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Realignment of Europe / The Thirty Years War

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Kenneth Bartlett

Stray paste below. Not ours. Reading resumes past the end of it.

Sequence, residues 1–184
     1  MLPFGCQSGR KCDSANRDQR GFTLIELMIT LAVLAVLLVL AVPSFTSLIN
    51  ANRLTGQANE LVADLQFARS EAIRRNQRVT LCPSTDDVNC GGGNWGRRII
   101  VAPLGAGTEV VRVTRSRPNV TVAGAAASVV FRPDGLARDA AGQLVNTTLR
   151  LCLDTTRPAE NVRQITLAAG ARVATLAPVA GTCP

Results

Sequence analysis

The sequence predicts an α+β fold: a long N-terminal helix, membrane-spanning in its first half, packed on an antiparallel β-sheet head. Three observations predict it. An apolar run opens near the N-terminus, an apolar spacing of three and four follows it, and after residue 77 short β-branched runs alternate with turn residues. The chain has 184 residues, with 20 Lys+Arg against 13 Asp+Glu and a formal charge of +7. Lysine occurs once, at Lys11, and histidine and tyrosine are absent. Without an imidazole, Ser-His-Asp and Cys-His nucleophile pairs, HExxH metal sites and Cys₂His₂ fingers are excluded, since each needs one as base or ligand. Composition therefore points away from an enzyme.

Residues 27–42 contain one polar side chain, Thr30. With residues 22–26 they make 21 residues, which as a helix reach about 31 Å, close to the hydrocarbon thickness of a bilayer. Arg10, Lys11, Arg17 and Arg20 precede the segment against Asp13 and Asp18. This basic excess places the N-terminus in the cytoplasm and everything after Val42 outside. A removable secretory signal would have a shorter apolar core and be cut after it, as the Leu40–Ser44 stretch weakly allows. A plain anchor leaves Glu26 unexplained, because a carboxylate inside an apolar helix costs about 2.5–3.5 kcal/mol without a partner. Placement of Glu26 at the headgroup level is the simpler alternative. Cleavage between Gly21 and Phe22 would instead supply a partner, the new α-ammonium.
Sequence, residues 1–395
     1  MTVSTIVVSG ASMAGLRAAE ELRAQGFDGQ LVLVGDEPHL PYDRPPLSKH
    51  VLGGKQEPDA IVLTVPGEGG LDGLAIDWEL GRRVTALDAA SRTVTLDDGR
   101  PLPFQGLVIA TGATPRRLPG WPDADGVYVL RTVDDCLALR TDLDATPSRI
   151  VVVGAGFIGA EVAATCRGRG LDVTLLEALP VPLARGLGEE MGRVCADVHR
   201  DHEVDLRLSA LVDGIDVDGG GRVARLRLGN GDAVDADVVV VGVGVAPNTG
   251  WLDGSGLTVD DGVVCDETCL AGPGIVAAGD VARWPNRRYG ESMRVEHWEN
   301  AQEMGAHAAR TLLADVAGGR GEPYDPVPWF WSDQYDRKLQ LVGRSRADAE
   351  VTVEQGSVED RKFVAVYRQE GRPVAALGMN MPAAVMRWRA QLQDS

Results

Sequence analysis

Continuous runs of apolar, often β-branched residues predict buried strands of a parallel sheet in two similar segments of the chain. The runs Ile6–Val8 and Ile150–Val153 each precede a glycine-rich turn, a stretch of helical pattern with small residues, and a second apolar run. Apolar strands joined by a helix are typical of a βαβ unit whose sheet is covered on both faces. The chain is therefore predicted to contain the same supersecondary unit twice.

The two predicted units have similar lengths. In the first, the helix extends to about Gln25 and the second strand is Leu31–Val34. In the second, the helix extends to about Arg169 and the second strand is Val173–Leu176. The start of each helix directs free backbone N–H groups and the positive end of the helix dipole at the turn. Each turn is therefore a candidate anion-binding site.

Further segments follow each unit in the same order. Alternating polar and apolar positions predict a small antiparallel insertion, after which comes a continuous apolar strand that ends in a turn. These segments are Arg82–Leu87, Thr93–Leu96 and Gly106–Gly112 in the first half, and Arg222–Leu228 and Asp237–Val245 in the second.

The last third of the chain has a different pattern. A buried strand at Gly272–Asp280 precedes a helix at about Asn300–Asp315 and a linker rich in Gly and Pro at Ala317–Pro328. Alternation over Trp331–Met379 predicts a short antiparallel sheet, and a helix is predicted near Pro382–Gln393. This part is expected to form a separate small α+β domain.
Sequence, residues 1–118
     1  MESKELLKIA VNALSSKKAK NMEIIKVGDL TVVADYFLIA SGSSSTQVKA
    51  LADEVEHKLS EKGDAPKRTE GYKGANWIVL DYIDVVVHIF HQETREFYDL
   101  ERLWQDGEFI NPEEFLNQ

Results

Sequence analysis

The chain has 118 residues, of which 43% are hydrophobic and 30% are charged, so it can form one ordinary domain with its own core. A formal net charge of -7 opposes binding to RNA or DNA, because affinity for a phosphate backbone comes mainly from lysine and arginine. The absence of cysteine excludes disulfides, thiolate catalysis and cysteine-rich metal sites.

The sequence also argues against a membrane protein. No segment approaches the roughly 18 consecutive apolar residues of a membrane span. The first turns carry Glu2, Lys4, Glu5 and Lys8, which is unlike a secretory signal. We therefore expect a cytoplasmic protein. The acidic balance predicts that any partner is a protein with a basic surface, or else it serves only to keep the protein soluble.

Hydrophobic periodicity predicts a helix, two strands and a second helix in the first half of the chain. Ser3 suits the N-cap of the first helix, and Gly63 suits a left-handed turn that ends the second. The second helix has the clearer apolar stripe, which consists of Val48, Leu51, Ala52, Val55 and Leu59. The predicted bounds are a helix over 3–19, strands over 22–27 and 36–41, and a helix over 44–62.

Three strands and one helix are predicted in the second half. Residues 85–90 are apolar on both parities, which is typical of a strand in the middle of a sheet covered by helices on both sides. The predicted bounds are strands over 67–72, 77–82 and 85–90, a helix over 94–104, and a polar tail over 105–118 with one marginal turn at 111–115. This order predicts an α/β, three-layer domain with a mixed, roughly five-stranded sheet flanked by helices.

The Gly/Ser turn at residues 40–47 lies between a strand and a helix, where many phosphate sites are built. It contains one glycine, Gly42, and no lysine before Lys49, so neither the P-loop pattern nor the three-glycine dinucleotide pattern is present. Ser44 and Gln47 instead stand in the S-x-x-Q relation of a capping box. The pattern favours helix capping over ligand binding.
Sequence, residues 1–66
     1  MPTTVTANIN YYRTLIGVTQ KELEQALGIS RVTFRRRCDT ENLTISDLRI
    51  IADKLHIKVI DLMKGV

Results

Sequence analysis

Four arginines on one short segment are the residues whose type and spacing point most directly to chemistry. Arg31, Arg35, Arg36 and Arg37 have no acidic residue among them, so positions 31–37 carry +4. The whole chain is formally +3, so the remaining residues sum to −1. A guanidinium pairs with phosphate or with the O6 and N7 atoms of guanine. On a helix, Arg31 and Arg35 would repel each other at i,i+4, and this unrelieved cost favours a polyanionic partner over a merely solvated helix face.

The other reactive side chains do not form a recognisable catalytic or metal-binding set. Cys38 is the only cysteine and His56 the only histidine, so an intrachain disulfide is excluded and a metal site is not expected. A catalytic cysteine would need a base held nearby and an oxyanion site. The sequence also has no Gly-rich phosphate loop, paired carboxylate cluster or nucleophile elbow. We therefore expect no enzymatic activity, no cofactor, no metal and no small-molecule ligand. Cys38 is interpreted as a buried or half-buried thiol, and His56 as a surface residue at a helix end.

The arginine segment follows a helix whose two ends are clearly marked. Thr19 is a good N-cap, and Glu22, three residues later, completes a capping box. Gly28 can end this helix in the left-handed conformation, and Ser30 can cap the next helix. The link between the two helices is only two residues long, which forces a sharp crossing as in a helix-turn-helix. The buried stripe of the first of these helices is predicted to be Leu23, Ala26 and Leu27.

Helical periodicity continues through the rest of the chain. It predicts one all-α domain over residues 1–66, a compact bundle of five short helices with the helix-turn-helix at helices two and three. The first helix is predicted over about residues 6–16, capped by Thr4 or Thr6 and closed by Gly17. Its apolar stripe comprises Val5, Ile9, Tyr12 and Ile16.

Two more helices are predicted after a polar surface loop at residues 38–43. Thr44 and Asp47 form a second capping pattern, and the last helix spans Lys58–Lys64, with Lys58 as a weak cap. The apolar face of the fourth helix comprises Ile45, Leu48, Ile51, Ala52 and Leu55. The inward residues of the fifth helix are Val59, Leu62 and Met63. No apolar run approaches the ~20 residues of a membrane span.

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HIS109 Nov. 1, 2010 Realignment of Europe Trade with Constantinople (continuation with the roman empire) contact with the sophisticated money economies of the Islamic world Stimulated political and economic change Financial mechanisms (shipbuilding, navigation, insurance) made the states of Italy rich giving rise to the experimentation of society during the Renaissance Series of events shattered this for Italy 1553: Constantinople fell to the Ottoman Turks; Islamic Turks grew to be the most powerful state in Europe Natural result of the Ottoman victory was war, occasioned by politics, economics, and religion For the first century, the Christians were unable to stop the spread of Islam in the West Trade was taken along with territory (Genoese Empire in the East taken down) Mohammed II Sent a fleet to conquer the peninsula that sticks out of Italy (what will happen to the rest of Christendom on the continent) Convert to Islam or be killed Terror on the Italian peninsula terrified Christians; they didn’t know what to do Seemed as if the Ottomans would drive all Christian forces & settlements out of the Mediterranean Islamic Empire spread an arc from the Balkans to the coast of North Africa Ottomans seemingly invincible Christians were terrified; in the context of this world they felt as if God was punishing them Suleiman the Magnificent After establishing control over the southern Mediterranean began to move to central and eastern Europe Battle of Mohacs (1526): annihilation of the Christian army, there was now nothing to stop the Turks Set siege to Vienna; siege was eventually broken Matter of time before the army would regroup Turks set up a portable outside of Vienna Once they abandon this city, they set fire to it so that the Christians could not benefit from it – this led to the introduction of coffee to Europe after the fire emits the scent of coffee beans Shift in Power The shift of economic, political power to eastern seaboard not an accident Turks forever destroyed sea trade between Europe and the eastern seaboard, which was once the industry of the Italians The Christians lost the benefits that had once created so much wealth Drove military powers to look beyond the Mediterranean towards the Atlantic Required different routes to the East; had to get to the place that sold the goods the Christians needed Going through the Mediterranean was too risky Henry the navigator (king of Portugal) hoped to discover a lost Christian community in central Africa (this was a myth) Portuguese reach the tip of Africa, the Romans never went beyond Saharan Africa 1496: Vasco de Gama sailed around Africa to trade with India Ability to sail from the Atlantic seaboard to the east meant that the Portuguese had an advantage The trade that made the Mediterranean so rich shifted to the world of the Atlantic, the Portuguese and Spanish Before 1479 Spain was fragmented into petty warring kingdoms, shared peninsula with the Portuguese and Islamic peoples Spain splits into two kingdoms: Castile and Aragon (both share Catholicism) Crusades in Spain successful, the Moors were driven out of Granada Spanish Inquisition Spanish Inquisition was given enormous authority because of the need to root out heresy, Islam, and Judaism on the continent Renewed Catholic zeal Was a political decision that would unite a previously fragmented peninsula The hatred of the Turks was so great that these were acts of Christian allegiance This idea of Christendom seemed to be so focused in Spain that it overwhelmed all other traditions Economic balance of power shift from the Mediterranean to the Atlantic seaboard Victories of the new world to be victories of Christendom Empire of Spain became enormously powerful and rich Portuguese Empire found by accident Rise of the Hapsburg Empire Political organization of the Hapsburg Empire – created a single, imperial trade zone Low-countries identified as money marts, such as Antwerp (this took trade away from the Italian cities) Mining was encouraged, and the development of secondary industries such as shipbuilding allowing the Hapsburg to behave as if they can impose an element of unity on Europe The Hapsburg believed they were creating a Christendom that could withstand the Turks, however; the Protestants were seemingly more on the side of the Turks Economic world also began to expand with the concentration of wealth from the new world By 1485 the money mart of Antwerp developed into the stock market By 1520 numerous ships going in and out of the city of Amsterdam All of this ensured that victory would be theirs Hapsburg Empire and Spain became the new economic engines of a revitalized European economy France potentially the richest country; (rich, fertile lands, sophisticated government) remained weak due to the effect of religious wars that weakened the kingdom; allowing the Hapsburg Empire to rise Europe shifted fundamentally; the Reformation was only one element of this shift The Hapsburgs tried to take control of this The forces of civilization completely different by end of 16 century The Hapsburg still ruled over some countries Realignment of power required had to be Europe-wide and would also have to take into account the Turks Using religion as the ideology to separate people, in making political decisions would evaporate Europe a very different place following the 30 years war HIS109 Nov. 3, 2010 The Thirty Years War Which state would be the great power that would determine the fate of the continent Europe-wide conflict, power of the dynastic monarchy Balance of power was fundamentally different from the beginning of the Thirty Years War The rise of Lutheranism resulted in a number of wars and realignments, political allegiances New kind of way to determine allegiance Broke out initially as an attempt to look at religion as an instrument of authority and national identification Broke out in Bohemia (modern Czech Republic) first was that was continent w